Well, there are some things like showing work that you do need to at least be on camera for, or share your screen. And 37signals does have some meetings. So what types of meetings do we have around here? I know we don't have the typical Monday standup or something like that, but might be the most egregious of these offenders.

Jason Fried (11:56):
Yeah. I mean, for example, when I review work with a designer, we do it on Zoom because we look at the work together, and that's sort of the only way to really look at the work together, but I don't ever consider that a meeting. It's just two of us talking about the work and looking at the work. It's just, that's not a meeting.

Jason Fried (12:11):
We do have some standing team calls. So the design team or programmer team or other teams might get together once a week and just kind of have a more of a social hour together essentially and talk about some stuff, look at some work sometimes, whatever. So we do have those, and then we do an all hands once every six to eight weeks, which is a little bit more of a Q&A. Here's what's kind of going on. Here's what we're planning on working on over the next six weeks. Yeah. Catch up. That's kind of it besides the team calls and the all hands.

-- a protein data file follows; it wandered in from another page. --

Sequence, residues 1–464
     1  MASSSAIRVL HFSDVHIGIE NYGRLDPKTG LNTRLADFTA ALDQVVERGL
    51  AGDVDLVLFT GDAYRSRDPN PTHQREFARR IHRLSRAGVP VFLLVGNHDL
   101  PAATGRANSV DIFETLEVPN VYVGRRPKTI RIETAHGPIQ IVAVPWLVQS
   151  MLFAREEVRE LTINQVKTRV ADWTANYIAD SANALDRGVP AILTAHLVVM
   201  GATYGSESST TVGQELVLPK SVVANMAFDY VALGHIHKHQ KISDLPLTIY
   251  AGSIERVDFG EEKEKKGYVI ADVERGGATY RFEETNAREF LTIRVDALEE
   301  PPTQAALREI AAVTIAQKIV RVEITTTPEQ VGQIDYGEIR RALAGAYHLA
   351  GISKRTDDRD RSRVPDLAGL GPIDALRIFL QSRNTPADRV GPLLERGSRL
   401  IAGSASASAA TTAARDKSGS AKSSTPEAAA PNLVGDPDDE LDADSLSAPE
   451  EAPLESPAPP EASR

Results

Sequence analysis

Jason Fried (12:44):
Some other teams do some more frequent calls. There's of course some people that do one-on-ones but, again, I don't really consider one-on-one necessarily meeting, but it is something that has to fit on your schedule if you're doing that. So I tend not to do those. I don't know. That's kind of all I can recall. David, anything else?

David Heinemeier Hansson (12:59):
I think it's key, Shaun, when you say catch up, we sort of we do that, but it's not for the purpose of conveying information because as Jason started out saying, the meeting is actually one of the worst ways possible to convey information, unless the information is in motion or something else where it's not about facts or presentations of things to look at. If what you're conveying is a upbeat spirit, a shared celebration, for example, as we often do with the calls we do after a cycle, we're like, "Hey, we just did a bunch of great work over the past six weeks. Let's celebrate that together. Let's get excited about the next batch of work that we are doing together." Those things, those can't be more difficult to convey in text, and I think having a call can be a reasonable way of doing it, if it's really dispersed out. If it's essentially like a little bit of spice you add on, not too much, just a pinch, that's good.

David Heinemeier Hansson (14:00):